Here we have another article on contract clauses from one of our freelancer lawyers and it is a fairly hot topic, given the potential outcome in the upcoming election in France. Specifically, this article contains a draft example clause to deal with a country leaving the Euro for you to include in your contracts.
As always, it is worth restating that HPLpro is not a legal firm, and this article should not be taken as legal advice. It is important for you and your business to have experienced legal practitioners review your specific situation in relation to this article. Please feel free to request a freelance in-house lawyer from us if required.
Do you, or your business, have a lot of work on the continent, specifically in Euro based countries? If so, it may be prudent for you to include language within your contracts that will address the possibility of one of the countries that you do business in dropping out of the Euro currency (either wilfully or otherwise).
The legal principle to be aware of in this area is known as lex monetae – apologies for the Latin - which holds that a state chooses its own currency and, upon a country leaving a currency, contracts relating to that nation could potentially default to the new currency in that nation – this is known as redenomination risk and it is problematic due to the possibility for a catastrophic devaluation of the new currency.
For example, if, following the French election, France did decide to leave the Euro and re-establish the Franc, that currency could devalue (along with the Euro) – if you are doing business in that country and your contract was based in Euros, you could suddenly find yourself being paid in a horribly devalued currency – the new Franc. One minute you are paid €100 (worth eg £100) the next minute you are paid 100NFF (New French Francs) (worth eg £1). It is, of course, possible that the new currency would gain value, but it is specifically the uncertainty for the business that is the concern here. It is further possible that such a devaluation would favour your company so you do need to consider your specific situation carefully.
Ultimately, you should include wording in your contracts which attempts to give an element of consistency and certainty.
The below draft wording could be a good starting place but, as with all things legal, you must engage legal advice for your specific circumstances. Additionally, be aware that even if you include such language in your contracts, legislation could act to override contractual clauses. The words in square brackets are for your lawyer to amend depending upon your situation. The first clause deals with a country exiting the Euro, the second clause deals with the Euro zone ceasing to exist (in which case the contract defaults to USD with the parties then having an opportunity to agree a suitable currency).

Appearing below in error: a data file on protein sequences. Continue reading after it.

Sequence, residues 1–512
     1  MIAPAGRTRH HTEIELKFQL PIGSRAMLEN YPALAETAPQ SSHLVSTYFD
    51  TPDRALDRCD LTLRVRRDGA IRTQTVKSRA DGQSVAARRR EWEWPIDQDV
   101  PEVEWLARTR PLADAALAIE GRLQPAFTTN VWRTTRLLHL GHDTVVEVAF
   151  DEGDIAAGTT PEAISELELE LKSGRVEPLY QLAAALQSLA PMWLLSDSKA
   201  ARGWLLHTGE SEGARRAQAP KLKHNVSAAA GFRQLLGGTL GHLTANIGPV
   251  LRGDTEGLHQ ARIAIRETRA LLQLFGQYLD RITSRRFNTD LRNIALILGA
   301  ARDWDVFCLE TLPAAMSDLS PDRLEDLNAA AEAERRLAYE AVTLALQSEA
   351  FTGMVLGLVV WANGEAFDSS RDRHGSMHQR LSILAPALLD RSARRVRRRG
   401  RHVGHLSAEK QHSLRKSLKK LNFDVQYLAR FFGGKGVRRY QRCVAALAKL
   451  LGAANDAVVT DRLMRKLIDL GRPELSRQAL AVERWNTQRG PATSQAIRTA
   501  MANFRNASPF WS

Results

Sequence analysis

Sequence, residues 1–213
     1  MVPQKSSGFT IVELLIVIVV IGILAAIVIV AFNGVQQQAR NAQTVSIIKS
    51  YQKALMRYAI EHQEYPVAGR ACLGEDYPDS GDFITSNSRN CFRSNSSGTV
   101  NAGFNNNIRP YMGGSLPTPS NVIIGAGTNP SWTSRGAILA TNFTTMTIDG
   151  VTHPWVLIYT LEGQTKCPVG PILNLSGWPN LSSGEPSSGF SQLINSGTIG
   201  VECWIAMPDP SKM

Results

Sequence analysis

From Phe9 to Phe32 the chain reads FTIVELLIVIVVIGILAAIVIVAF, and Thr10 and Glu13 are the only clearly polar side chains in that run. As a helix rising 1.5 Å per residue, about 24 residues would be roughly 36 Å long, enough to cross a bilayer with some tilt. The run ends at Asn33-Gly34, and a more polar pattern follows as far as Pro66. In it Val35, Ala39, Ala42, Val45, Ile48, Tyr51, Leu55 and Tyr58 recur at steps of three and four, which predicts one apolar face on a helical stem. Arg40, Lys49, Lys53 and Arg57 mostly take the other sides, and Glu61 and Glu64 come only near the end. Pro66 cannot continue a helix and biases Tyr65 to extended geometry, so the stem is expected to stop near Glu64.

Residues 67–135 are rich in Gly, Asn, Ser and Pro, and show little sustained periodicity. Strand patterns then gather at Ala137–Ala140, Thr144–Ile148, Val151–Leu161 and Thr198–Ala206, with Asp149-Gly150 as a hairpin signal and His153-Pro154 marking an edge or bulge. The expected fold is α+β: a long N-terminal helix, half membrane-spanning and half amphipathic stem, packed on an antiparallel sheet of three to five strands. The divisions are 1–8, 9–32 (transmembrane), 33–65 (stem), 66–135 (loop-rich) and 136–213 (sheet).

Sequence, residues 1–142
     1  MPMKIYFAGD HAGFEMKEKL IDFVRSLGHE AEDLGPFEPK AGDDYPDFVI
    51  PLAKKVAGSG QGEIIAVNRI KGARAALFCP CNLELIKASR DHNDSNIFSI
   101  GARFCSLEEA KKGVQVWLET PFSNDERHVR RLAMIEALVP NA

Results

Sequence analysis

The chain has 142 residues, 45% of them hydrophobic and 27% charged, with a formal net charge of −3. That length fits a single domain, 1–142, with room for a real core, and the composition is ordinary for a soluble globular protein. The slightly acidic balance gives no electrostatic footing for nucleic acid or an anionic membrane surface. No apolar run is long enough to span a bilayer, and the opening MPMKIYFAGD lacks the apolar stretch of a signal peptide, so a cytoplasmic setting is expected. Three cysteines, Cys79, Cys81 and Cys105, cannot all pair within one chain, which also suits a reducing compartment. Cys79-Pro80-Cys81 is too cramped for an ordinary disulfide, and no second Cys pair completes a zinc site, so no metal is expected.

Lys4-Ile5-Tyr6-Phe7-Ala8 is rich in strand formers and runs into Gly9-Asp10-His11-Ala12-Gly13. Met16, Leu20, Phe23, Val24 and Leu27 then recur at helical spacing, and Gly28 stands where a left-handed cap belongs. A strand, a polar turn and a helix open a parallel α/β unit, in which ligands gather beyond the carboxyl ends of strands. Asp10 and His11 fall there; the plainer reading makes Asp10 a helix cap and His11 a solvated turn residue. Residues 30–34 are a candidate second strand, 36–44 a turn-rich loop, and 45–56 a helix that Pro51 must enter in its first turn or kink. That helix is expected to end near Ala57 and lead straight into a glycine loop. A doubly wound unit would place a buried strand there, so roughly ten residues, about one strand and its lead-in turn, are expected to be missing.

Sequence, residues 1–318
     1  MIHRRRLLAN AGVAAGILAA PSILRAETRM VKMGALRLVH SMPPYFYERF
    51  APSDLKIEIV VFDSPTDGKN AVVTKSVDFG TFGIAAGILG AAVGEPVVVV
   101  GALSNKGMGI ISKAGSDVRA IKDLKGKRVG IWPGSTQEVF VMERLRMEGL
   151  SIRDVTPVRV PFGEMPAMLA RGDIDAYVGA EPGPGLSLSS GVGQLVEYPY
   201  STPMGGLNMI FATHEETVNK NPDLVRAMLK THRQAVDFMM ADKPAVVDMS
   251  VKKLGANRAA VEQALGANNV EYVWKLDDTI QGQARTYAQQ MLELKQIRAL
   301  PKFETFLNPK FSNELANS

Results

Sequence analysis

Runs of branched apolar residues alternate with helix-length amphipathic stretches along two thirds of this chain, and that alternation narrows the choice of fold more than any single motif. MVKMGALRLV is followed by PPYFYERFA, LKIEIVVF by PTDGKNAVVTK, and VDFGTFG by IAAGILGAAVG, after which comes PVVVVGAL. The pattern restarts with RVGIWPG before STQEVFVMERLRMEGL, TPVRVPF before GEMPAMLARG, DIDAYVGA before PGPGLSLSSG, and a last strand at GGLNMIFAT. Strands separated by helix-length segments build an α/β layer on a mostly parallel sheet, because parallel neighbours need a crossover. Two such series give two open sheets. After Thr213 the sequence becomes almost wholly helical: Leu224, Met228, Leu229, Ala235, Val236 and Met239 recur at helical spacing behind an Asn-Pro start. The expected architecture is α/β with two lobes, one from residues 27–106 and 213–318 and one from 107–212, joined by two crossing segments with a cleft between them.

a) Subject to sub-clause b), In the event that the Euro (for the purposes of this Agreement, Euro is defined as the official single currency of European Member States as at 1st January 2012) ceases to be the legal currency in [INSERT TERRITORY]: ("The Territory") the relevant currency for the Agreement will [remain the Euro/ revert to Sterling/ revert to USD] ; any reference to Euros in the Agreement will be read as references to [Euros/Pounds Sterling/USD] ; the prices hereunder will thereafter be calculated in [Euros/Pounds Sterling/USD] and, as at the date of the relevant invoice, converted into the new local currency of the Territory; any invoices or credit notes sent by either party thereafter will refer to [Euros/Pounds Sterling/USD]; this Agreement will thereafter be governed by the laws of [England and Wales]; such an event will, for the purposes of this Agreement, not be deemed an event of force majeure or outside of the reasonable control of either party hereto and the parties will take all such necessary steps to ensure that this clause is enforced and [NAME OF THE OTHER COMPANY] will be responsible, fully liable for, and will indemnify [NAME OF YOUR COMPANY] against, the effects of any legislation in the Territory which requires that all contracts formed with a counterparty in the Territory or being part-performed in the Territory be changed to a currency other than [Euros/Pounds Sterling/USD].
b) On the date that the Euro ceases to be legal tender in the majority of the Euro zone countries that were Euro zone countries as of January 1st 2012 (the “Exit Event”), all monetary sums expressed in Euros in this Agreement shall be converted into [US dollar] sums (calculated using the final exchange rate between US dollars and the Euro as published by the Bank of England). After the expiry of a six-month period following the Exit Event the parties will meet to discuss in good faith the appropriate currency for the Agreement. For the avoidance of doubt, the Exit Event will not be an event of force majeure.
Again, the point of the clauses is to attempt to bring some certainty to what will be an uncertain situation at the time.
We will follow this article up with one relating to Brexit and its impact on contracts shortly.
Hope the above is helpful.
The HPLpro Team
In the next of our series of explanatory articles on commercial legal issues, we asked one of the freelancers who works with us to put some thought into explaining Force Majeure.
As always, it is worth restating that HPLpro is not a legal firm, and this article should not be taken as legal advice. It is important for you and your business to have experienced legal practitioners review any legal issues or documents to ensure that they adequately meet your needs. Please feel free to request a freelance in-house lawyer from us if required.